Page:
From Dodge, the police package sedans included the Charger Pursuit powered by the 5.7L V8 with both 2.65 (standard) and 3.06 (optional) axles; and the Charger Pursuit powered by the 3.6L Pentastar V6 with both 2.65 (standard) and 3.07 (optional) axles. The Charger V6 with the 2.65 axle was also run on E85.
From Ford, the police package sedans were all variations on the Sedan Police Interceptor with the 3.5L V6: FWD, AWD, EcoBoost AWD and the standard AWD run on E85. Their police package crossover, the Utility Police Interceptor 3.7L V6, was tested in AWD (standard), FWD, and AWD with E85.
The acceleration is recorded in 10 mph increments from 20 mph to 100 mph. The score for the event, however, is based on the zero-to-100-mph times. The tests are conducted slicktop, with no spotlights and with two troopers on board.
Of all the gasoline-powered sedans, the two fastest accelerating sedans were the Charger 5.7L V8 with the 3.06 and 2.65 axle, respectively. The Caprice 6.0L V8 and the Ford Sedan PI 3.5L EcoBoost were just a one-half second behind.
Of the 300 hp V6 sedans, about four seconds behind the 350 hp sedans, were the Caprice 3.6L, Impala 3.6L, Charger 3.6L and Ford Sedan PI 3.5L. Of the SUVs-crossovers, the Ford Utility PI 3.7L was in the same group as the V6 sedan, clearly ahead of the Tahoe 5.3L V8. For the record, the slowest of all the vehicles tested was three seconds faster to 100 mph than last year’s now-discontinued Ford CVPI. In fact, the average V6 sedan was fully five seconds faster to 100 mph than the Ford CVPI.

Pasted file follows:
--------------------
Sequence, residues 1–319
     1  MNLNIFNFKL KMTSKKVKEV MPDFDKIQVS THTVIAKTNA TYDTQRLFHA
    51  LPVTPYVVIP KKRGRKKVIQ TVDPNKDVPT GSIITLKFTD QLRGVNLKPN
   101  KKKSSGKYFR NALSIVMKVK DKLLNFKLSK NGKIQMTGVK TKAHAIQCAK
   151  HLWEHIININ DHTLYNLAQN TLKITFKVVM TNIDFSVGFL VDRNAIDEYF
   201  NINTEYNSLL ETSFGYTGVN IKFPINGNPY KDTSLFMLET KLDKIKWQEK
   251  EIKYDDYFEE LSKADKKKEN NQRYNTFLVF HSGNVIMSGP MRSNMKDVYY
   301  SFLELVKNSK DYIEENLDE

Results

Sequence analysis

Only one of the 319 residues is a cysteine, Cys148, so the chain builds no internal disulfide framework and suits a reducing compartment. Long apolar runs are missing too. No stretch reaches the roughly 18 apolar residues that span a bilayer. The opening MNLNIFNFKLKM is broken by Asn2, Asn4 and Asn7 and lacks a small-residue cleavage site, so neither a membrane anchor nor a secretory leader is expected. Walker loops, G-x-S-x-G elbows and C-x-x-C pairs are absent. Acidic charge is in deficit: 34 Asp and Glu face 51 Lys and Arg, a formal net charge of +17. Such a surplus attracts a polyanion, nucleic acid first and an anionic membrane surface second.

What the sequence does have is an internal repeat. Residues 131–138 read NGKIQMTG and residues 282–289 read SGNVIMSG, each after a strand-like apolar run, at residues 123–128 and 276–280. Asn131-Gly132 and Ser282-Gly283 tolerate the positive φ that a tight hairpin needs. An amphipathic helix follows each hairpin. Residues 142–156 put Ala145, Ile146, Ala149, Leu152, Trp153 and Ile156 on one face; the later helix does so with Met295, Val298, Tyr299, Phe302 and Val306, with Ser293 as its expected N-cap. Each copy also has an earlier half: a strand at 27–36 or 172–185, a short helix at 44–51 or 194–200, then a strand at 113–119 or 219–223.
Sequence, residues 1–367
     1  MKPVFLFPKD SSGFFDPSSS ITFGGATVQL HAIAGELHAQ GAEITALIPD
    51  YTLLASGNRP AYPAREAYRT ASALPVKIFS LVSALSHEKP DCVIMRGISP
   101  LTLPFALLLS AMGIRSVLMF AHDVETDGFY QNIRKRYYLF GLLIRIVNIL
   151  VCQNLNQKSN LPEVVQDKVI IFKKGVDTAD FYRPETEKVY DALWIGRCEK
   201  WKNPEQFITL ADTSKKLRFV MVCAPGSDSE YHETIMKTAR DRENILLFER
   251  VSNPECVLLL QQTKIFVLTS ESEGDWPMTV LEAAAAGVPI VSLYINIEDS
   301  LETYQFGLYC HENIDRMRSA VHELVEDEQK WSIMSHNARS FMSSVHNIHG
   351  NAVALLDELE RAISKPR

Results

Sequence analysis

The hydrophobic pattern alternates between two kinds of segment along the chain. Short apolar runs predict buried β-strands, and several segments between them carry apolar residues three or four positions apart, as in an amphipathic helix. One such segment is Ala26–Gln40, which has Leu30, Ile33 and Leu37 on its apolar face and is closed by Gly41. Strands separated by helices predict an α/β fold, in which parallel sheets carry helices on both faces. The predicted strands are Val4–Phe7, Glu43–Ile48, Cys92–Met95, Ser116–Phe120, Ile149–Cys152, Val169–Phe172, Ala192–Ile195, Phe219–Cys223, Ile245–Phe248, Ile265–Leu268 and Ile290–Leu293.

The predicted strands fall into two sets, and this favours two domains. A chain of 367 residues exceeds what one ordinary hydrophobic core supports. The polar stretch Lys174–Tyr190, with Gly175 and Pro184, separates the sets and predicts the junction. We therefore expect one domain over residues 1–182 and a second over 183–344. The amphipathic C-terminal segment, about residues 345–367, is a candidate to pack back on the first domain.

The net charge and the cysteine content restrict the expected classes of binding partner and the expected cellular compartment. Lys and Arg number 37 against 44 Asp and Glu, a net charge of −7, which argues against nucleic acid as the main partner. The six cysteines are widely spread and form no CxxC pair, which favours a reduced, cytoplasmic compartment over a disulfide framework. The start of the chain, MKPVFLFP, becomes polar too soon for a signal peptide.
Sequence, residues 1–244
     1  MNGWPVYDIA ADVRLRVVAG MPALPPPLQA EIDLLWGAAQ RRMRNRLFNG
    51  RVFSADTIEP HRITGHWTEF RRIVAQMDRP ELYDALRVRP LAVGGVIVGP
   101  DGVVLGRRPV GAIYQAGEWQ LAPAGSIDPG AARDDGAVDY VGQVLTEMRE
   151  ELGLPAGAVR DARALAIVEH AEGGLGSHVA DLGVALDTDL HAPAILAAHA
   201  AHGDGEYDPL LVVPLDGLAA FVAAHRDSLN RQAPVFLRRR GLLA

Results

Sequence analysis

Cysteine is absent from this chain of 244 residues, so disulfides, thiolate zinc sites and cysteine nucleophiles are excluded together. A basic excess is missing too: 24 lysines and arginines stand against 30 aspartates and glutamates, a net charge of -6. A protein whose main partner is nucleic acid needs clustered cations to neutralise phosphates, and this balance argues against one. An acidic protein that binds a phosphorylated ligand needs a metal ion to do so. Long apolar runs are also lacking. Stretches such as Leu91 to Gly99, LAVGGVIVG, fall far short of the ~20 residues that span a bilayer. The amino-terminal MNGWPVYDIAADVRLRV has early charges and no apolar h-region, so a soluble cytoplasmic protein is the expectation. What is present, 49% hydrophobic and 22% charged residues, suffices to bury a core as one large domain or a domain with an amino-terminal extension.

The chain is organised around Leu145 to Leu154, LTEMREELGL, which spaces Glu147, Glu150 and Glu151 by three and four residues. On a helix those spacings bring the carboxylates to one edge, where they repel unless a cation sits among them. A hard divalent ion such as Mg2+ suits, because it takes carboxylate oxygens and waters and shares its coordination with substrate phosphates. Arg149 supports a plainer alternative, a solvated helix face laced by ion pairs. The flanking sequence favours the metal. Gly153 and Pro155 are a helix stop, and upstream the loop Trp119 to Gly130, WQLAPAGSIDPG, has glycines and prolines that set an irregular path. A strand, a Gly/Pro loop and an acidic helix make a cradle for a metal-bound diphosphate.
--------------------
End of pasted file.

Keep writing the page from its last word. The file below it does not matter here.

The second MSP test is top speed. At the end of the last acceleration run, the MSP troopers continue to accelerate the car around the 4.7-mile oval until they hit the electronic top speed limiter or the vehicle obviously stopped accelerating. All police and special service vehicles are electronically speed limited for reasons that include tire speed ratings, but not all vehicles actually reach that preset, limited speed.
The Chevy Caprice 6.0L V8 turned in the highest top speed at 154 mph. The Charger 5.7L reached 152 mph (2.65) and 151 mph (3.06). The Ford Sedan PI EcoBoost, Caprice V6, Impala V6 all ran between 148 and 149 mph. That was expected from the twin-turbo Ford, but this kind of top speed was a pleasant surprise from the Caprice and Impala with the new Camaro-Cadillac V6.